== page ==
University of Georgia Regents' Professor Michael R. Strand has received one of the highest honors a scientist can receive — election to the National Academy of Sciences. CAES News
University of Georgia Regents' Professor Michael R. Strand has received one of the highest honors a scientist can receive — election to the National Academy of Sciences.
Pulliam Chair
Professor Michael Strand has dedicated his career to unlocking the power of basic science to improve agriculture, and that dedication has earned him the recognition of the state’s agricultural community.
Ambrosia beetle activity is identifiable by the toothpick-sized sawdust tubes they leave sticking out of holes bored in pecan trees. CAES News
Ambrosia beetle activity is identifiable by the toothpick-sized sawdust tubes they leave sticking out of holes bored in pecan trees.
Ambrosia Beetles
Research entomologists in the University of Georgia College of Agricultural and Environmental Sciences are using three grants to study ambrosia beetles in an effort to prevent future attacks and preserve more fruit and nut trees.
Georgia Farm Bureau President Gerald Long (center) announced the recipients of the GFB Harvest 20 Research Grants at the GFB Commodity Conference on Aug. 8. University of Georgia faculty who were awarded grants are (l-r) Lawton Stewart, Govindaraj Dev Kumar, Angelita Acebes, Sudeep Bag, Jonathan Oliver and (not pictured) Bhabesh Dutta and Mark Freeman. CAES News
Georgia Farm Bureau President Gerald Long (center) announced the recipients of the GFB Harvest 20 Research Grants at the GFB Commodity Conference on Aug. 8. University of Georgia faculty who were awarded grants are (l-r) Lawton Stewart, Govindaraj Dev Kumar, Angelita Acebes, Sudeep Bag, Jonathan Oliver and (not pictured) Bhabesh Dutta and Mark Freeman.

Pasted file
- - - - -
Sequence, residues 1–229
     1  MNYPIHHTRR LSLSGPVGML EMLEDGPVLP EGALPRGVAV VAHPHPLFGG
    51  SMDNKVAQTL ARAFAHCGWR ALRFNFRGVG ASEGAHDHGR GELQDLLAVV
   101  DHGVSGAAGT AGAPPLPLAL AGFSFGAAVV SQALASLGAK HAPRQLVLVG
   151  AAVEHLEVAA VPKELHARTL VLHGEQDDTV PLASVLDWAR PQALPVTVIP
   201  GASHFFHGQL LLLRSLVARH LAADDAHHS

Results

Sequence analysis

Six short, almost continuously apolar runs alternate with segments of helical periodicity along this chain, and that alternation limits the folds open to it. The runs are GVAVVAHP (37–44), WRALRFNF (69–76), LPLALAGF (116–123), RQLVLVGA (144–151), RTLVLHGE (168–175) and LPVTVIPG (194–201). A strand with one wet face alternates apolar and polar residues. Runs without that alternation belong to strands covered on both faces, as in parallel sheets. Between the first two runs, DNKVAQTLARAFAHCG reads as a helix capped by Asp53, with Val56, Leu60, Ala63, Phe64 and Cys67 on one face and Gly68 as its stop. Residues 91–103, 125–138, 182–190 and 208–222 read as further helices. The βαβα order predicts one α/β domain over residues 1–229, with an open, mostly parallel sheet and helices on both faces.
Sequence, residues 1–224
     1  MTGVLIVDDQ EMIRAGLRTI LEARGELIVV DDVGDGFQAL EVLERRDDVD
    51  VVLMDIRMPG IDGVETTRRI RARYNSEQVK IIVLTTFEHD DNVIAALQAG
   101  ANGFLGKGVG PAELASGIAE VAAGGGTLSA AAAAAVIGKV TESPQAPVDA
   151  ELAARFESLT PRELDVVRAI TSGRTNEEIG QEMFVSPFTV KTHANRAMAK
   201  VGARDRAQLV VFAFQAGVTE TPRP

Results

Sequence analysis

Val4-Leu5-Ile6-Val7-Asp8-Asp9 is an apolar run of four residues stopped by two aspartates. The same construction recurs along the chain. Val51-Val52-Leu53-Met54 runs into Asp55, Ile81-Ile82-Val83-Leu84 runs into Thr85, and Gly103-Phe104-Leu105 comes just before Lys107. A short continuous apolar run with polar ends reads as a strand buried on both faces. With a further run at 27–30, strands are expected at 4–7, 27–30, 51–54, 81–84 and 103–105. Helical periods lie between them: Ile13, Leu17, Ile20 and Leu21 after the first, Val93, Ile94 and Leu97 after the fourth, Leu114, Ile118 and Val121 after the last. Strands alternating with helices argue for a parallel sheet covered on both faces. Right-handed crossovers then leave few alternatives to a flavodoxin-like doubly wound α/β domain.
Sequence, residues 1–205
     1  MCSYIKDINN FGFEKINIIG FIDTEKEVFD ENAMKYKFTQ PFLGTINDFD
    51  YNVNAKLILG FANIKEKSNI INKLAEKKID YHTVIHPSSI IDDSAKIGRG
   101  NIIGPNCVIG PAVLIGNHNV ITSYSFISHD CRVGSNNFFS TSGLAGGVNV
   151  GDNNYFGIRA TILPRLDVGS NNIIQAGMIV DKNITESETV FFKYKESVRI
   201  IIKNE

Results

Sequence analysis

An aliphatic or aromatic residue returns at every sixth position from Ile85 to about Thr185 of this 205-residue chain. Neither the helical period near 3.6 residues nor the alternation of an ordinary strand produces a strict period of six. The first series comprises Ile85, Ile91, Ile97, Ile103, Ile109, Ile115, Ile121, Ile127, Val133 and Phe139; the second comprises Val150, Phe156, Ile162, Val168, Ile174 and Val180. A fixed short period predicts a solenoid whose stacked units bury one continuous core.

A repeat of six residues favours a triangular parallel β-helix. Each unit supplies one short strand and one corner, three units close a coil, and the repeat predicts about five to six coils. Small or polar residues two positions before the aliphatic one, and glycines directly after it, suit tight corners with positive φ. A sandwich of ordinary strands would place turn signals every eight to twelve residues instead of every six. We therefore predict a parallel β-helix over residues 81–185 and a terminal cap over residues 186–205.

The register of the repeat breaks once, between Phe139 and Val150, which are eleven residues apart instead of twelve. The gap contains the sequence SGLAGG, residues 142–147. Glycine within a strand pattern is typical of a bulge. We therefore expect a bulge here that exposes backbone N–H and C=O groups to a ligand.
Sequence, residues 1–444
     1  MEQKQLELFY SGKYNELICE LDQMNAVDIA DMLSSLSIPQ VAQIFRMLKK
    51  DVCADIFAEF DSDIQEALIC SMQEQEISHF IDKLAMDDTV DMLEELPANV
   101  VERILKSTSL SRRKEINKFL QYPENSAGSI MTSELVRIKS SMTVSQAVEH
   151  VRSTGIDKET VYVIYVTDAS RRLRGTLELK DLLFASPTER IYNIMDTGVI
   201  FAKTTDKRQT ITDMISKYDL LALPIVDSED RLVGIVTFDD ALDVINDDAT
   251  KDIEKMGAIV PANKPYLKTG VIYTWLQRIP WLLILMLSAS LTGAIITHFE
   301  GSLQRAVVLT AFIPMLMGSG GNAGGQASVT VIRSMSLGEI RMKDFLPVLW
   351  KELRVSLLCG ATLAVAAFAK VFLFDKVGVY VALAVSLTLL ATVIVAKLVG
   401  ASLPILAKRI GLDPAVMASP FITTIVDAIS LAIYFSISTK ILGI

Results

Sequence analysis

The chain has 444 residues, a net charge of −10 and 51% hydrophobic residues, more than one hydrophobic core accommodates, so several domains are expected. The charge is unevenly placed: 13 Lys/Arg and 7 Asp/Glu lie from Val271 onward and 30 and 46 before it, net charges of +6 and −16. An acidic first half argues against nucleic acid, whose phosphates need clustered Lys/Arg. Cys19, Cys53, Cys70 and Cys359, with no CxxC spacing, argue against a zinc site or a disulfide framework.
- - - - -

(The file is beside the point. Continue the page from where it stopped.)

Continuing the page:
Harvest 20 Grants
The Georgia Farm Bureau (GFB) has awarded $94,000 in research grants to seven University of Georgia scientists and their research teams who are addressing production issues impacting Georgia farmers.
Entomologist Bill Snyder studies how beneficial bacteria and fungi in the soil allow plants to protect themselves against plant-feeding insects and attract predatory insects to their defense. He also collaborates with farmers interested in learning more about beneficial insects, birds, or soil organisms on their farms. Snyder joined the University of Georgia in July. CAES News
Entomologist Bill Snyder studies how beneficial bacteria and fungi in the soil allow plants to protect themselves against plant-feeding insects and attract predatory insects to their defense. He also collaborates with farmers interested in learning more about beneficial insects, birds, or soil organisms on their farms. Snyder joined the University of Georgia in July.
New Entomologist
Bill Snyder, the newest researcher to join the University of Georgia Department of Entomology, is looking forward to working with the wide diversity of soils, climates and cropping systems in the Southeastern U.S.
Whiteflies transmit several devastating viruses to important vegetable crops, including squash. CAES News
Whiteflies transmit several devastating viruses to important vegetable crops, including squash.
Whitefly Management
Researchers from three research institutions are using a $3.2 million grant from the U.S. Department of Agriculture to fight whiteflies on vegetable crops.
Live from the Lab CAES News
Live from the Lab
Live from the Lab
Back for its fourth semester, the University of Georgia College of Agricultural and Environmental Sciences' Live from the Lab series will be taking Georgians back inside the college's labs to talk to world-class researchers about their work.